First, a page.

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The Peloponnesian War

This map is part of a series of 16 animated maps showing the history of Ancient Greece.

The Peloponnesian war involved the two largest power centers in Greece:

-Athens backed by its empire

-Sparta with its allies in the Peloponnese League. 

This conflict was important for many reasons: its unprecedented length, the number of cities involved in the fighting and the vast number of battle sites.

For ten years Athens dominated the sea, while Sparta was more successful on land. Pericles persuaded the population of Attica to take refuge behind the fortifications of Athens and Piraeus, giving the Spartans free rein to make periodic raids on Attica’s farmlands. But in 429, an outbreak of the plague killed a third of the population, including Pericles, and led to the failure of his strategy.

In 421, Sparta and Athens signed a peace treaty that was supposed to last for 50 years. However, war broke out again two years later and the Athenians were defeated at Mantineia.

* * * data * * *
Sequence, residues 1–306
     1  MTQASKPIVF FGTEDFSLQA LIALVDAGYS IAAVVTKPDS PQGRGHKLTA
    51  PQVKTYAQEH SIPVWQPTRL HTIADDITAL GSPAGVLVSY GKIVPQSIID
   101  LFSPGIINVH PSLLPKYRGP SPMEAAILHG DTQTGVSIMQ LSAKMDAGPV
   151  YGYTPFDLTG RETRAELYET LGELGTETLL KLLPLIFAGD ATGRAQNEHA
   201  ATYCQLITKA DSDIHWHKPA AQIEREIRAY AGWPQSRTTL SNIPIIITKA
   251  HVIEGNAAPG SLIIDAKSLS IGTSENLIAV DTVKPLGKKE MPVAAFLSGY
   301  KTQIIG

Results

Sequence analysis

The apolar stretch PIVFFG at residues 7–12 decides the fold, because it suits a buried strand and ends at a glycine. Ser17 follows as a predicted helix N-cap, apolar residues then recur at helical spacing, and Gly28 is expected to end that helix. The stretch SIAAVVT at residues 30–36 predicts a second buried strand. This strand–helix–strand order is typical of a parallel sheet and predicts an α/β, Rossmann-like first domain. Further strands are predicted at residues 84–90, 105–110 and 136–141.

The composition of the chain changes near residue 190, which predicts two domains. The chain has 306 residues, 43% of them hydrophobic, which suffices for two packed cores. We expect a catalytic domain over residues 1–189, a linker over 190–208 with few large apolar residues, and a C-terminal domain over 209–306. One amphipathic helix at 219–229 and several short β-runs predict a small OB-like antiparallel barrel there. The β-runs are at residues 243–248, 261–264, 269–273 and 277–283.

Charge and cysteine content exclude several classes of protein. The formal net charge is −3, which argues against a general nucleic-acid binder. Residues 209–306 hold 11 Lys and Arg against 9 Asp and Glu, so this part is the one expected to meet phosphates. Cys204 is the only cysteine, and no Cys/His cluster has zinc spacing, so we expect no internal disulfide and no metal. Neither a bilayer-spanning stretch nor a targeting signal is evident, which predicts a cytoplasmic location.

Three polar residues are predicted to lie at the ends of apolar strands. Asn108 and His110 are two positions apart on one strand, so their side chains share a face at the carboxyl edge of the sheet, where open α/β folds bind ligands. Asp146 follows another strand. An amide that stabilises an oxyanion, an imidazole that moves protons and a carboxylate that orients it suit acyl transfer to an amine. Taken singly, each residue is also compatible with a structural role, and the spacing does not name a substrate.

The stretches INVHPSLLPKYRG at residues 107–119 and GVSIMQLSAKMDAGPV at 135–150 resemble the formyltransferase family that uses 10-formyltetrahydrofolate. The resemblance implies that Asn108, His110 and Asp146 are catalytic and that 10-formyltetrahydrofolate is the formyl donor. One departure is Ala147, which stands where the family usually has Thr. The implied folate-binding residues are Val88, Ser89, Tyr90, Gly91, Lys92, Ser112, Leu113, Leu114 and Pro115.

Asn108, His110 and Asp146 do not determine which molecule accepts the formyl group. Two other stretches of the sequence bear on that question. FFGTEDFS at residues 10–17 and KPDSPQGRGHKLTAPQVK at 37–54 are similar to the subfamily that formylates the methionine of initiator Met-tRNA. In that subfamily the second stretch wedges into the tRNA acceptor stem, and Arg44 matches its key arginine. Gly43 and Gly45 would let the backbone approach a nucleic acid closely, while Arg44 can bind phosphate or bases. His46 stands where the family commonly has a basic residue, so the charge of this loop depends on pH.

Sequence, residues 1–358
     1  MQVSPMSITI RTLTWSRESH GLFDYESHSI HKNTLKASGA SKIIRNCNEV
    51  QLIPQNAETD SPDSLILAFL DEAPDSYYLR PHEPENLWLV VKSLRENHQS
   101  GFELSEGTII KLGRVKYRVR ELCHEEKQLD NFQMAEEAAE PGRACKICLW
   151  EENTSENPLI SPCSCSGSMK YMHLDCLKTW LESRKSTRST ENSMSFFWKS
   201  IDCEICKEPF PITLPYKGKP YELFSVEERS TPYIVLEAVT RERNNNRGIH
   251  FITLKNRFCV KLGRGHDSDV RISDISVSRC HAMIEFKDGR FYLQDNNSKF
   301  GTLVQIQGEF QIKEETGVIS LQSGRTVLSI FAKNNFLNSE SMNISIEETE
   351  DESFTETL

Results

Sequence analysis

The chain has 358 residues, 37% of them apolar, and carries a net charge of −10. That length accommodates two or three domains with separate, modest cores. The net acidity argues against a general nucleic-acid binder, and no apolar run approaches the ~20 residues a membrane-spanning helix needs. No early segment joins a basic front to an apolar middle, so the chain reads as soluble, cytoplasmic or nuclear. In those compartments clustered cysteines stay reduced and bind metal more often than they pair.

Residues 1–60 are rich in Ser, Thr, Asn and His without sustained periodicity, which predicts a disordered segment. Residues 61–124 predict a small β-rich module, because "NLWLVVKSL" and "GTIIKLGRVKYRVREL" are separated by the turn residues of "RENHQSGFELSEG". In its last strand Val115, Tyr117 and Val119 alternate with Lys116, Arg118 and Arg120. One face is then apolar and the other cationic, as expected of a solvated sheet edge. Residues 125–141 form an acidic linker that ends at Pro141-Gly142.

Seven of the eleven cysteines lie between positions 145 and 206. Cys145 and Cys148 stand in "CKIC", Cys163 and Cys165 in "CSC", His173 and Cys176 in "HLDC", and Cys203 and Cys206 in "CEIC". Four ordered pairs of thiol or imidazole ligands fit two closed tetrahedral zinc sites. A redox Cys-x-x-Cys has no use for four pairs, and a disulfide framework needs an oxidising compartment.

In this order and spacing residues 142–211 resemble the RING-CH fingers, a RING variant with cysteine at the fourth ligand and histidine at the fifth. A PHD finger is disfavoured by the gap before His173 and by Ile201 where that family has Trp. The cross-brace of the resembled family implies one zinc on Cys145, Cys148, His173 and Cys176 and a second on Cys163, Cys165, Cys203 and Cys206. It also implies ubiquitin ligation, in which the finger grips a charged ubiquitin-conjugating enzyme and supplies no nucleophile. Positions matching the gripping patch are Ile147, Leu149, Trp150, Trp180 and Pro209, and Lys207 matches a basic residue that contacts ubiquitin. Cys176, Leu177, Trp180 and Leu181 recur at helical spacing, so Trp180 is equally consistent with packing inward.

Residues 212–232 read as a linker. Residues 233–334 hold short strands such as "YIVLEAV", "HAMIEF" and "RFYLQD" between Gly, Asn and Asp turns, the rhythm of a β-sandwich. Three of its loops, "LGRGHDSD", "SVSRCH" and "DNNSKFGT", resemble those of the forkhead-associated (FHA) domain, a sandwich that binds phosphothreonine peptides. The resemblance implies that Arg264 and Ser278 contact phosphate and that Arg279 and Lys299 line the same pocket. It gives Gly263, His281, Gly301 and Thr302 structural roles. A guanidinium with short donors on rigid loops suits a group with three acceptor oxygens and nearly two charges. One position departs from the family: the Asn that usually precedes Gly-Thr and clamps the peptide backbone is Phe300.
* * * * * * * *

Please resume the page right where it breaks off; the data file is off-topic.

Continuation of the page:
In 415, Pericles’ nephew, Alcibiades, persuaded the Athenians to launch an attack against Syracuse: they would take over Sicily and have access to the island’s wheat and timber resources. This expedition was a disaster for Athens: its navy was destroyed, and its soldiers were massacred or taken prisoner.

During the years that followed, Sparta called on the Persians for financial help, but in return, they had to give up the Greek cities in Asia Minor.

The Athenian navy was finally beaten by Lysander, the Spartan admiral, during the sea battle of Aegospotami in 405 BC.


The following year, the Spartans entered Athens, which was subjected to an occupation force. It had to hand over what remained of its navy and destroy the Long Walls. This signaled the end of Athenian dominance.